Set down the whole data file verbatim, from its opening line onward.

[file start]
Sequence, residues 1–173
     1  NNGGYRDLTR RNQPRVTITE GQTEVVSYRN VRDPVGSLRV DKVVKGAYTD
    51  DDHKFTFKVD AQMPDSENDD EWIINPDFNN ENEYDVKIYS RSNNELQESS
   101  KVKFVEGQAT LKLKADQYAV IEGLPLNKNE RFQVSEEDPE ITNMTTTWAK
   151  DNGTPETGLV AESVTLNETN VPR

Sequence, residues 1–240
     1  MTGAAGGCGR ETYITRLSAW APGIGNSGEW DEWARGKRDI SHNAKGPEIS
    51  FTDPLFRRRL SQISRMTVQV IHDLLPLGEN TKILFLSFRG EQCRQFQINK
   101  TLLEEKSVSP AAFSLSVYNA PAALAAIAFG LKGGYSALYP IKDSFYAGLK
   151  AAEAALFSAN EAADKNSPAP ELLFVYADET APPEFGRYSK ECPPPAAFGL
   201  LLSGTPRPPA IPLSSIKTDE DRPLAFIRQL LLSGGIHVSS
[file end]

Sequence, residues 1–173
     1  NNGGYRDLTR RNQPRVTITE GQTEVVSYRN VRDPVGSLRV DKVVKGAYTD
    51  DDHKFTFKVD AQMPDSENDD EWIINPDFNN ENEYDVKIYS RSNNELQESS
   101  KVKFVEGQAT LKLKADQYAV IEGLPLNKNE RFQVSEEDPE ITNMTTTWAK
   151  DNGTPETGLV AESVTLNETN VPR

Sequence, residues 1–240
     1  MTGAAGGCGR ETYITRLSAW APGIGNSGEW DEWARGKRDI SHNAKGPEIS
    51  FTDPLFRRRL SQISRMTVQV IHDLLPLGEN TKILFLSFRG EQCRQFQINK
   101  TLLEEKSVSP AAFSLSVYNA PAALAAIAFG LKGGYSALYP IKDSFYAGLK
   151  AAEAALFSAN EAADKNSPAP ELLFVYADET APPEFGRYSK ECPPPAAFGL
   201  LLSGTPRPPA IPLSSIKTDE DRPLAFIRQL LLSGGIHVSS